A technology company asked us:
How might we determine what safety and trust mean for customers who identify as women?
A client asked us for help better understanding the experiences of women using their platform to connect with service providers. Specifically, they wanted to understand circumstances where they felt unsafe, their expectations of safety options, and feedback on the helpfulness of proposed solutions and concepts.
We designed a dual-phase study with existing customers who identified as women and had experienced instances of feeling unsafe while using the product. During remote in-depth interviews, participants shared their experiences and provided feedback on a series of concepts meant to address safety concerns. In between phases, our client iterated on the concepts using feedback from the first round in order to gather additional feedback in phase two.
Through our research, we learned that many customers tolerated uncomfortable situations only because they were afraid of escalating the situation or of being gaslit.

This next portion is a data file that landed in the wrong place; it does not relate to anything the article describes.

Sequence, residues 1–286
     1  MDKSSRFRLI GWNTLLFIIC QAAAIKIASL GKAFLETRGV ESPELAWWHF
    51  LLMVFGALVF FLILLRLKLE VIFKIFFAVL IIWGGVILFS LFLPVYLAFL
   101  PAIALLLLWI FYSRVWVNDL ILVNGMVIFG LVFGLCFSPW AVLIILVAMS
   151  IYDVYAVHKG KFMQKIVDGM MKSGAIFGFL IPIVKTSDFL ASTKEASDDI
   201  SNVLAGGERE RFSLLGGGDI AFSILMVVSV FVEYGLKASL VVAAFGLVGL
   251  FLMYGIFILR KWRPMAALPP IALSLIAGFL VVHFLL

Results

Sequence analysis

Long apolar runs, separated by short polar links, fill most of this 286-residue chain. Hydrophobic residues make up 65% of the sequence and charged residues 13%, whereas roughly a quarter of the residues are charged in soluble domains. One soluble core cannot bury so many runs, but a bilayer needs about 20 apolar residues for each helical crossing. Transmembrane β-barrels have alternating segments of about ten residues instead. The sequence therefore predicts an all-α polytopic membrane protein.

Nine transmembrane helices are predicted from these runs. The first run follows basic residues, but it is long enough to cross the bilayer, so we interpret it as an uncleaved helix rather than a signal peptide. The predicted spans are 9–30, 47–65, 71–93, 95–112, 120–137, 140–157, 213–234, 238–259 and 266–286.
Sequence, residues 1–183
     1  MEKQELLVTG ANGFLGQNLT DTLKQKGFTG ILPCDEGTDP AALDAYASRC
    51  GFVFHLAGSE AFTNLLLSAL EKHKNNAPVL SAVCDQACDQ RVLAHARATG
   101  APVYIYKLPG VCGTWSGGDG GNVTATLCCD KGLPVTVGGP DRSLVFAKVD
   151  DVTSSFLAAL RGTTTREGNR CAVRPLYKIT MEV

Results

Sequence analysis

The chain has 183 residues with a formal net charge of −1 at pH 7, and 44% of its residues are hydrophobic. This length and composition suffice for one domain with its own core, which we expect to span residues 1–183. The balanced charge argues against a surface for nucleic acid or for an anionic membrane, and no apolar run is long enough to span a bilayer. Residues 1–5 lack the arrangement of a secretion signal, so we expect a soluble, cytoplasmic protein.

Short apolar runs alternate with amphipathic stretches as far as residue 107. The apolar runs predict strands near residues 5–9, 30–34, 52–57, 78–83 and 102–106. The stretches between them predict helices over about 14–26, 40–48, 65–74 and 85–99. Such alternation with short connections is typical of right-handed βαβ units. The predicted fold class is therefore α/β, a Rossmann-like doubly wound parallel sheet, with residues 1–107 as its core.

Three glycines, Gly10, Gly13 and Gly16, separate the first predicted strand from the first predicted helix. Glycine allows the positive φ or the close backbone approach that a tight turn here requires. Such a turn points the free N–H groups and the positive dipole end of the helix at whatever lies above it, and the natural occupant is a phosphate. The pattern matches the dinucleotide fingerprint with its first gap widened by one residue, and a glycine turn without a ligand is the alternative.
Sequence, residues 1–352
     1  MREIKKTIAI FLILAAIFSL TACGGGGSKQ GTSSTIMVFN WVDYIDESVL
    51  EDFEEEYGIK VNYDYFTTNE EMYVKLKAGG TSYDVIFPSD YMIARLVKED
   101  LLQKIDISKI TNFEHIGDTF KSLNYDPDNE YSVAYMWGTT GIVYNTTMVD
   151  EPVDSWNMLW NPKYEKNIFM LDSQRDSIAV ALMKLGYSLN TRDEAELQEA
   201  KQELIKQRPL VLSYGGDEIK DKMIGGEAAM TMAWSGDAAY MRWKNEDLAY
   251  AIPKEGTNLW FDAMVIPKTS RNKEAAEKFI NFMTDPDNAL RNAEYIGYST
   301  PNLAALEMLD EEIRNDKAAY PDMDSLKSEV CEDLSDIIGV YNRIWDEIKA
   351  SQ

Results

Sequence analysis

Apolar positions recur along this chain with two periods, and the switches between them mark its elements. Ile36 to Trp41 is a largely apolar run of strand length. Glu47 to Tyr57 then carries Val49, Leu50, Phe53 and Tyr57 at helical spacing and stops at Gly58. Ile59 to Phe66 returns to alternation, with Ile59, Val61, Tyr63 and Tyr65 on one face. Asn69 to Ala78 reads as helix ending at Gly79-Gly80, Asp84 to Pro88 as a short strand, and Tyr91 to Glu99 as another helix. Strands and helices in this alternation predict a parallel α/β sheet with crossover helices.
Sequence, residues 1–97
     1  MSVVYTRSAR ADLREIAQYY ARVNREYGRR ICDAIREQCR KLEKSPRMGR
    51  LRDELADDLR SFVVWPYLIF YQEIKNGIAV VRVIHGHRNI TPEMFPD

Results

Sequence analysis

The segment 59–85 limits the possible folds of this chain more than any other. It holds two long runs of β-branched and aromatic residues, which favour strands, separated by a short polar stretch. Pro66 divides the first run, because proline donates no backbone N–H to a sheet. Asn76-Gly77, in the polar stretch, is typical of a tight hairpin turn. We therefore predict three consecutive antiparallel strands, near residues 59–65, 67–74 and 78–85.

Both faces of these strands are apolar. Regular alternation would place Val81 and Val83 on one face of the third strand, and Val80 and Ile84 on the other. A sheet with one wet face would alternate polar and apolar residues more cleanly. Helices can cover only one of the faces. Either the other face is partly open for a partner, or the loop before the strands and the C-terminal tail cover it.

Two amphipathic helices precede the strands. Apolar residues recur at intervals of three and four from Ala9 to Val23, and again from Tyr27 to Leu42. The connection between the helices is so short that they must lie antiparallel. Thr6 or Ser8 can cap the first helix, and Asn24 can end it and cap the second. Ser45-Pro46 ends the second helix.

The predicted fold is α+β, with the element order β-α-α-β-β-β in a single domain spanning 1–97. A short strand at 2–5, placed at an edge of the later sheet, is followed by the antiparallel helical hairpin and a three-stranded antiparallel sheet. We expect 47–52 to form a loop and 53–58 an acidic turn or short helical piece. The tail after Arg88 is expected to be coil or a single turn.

Our recommendations identified a variety of improvements the client could make to ease safety concerns. These included reducing automated responses so when a customer contacts the company about a safety concern, they are immediately connected to an agent rather than a chatbot to get faster help. We also found that participants wanted transparency about safety enforcement and accountability to better understand what to expect and feel confident in their options while using the product. In speaking with these participants, we identified that real-time feedback could be immensely helpful, so we recommended that the client team move forward with product features that enable customers to give feedback about the resolution process. This will help future iterations of safety features and conflict resolution processes with real-time observations.
Experience Gap Research can help you identify critical gaps in your product for underrepresented groups. Contact us for help meeting your Experience Gap research goals.